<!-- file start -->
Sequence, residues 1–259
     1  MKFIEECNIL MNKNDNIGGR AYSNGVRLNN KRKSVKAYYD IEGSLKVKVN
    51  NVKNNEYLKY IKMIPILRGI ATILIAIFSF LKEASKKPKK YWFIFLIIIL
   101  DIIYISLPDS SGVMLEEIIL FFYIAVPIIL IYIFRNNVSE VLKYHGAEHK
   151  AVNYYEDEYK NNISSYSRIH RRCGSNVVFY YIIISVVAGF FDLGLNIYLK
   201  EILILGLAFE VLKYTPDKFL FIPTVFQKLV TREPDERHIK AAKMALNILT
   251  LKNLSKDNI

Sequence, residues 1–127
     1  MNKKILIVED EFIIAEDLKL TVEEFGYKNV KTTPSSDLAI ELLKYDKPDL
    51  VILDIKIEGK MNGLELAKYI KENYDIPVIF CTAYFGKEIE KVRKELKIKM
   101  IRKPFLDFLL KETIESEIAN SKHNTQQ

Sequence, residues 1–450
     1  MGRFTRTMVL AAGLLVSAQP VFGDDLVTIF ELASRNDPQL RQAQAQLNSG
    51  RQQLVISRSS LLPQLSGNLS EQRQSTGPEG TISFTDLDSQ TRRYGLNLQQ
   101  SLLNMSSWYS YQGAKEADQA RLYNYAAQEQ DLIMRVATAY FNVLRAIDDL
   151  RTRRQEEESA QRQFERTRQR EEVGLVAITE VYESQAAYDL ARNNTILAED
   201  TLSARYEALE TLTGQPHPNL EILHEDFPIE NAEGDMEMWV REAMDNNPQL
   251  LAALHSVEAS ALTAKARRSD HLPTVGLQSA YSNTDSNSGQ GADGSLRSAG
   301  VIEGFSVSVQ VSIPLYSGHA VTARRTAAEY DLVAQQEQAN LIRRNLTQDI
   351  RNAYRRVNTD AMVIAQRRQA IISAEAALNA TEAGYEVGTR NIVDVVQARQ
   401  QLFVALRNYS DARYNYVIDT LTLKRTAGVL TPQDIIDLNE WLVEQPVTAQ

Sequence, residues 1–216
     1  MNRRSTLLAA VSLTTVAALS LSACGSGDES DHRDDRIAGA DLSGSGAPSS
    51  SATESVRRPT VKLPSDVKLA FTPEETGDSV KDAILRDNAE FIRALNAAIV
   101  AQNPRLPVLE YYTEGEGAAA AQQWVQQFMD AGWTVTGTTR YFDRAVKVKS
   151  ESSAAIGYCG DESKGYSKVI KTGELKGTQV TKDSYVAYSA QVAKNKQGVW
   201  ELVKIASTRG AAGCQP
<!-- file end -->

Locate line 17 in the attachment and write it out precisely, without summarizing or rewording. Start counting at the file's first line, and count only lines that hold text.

   201  TLSARYEALE TLTGQPHPNL EILHEDFPIE NAEGDMEMWV REAMDNNPQL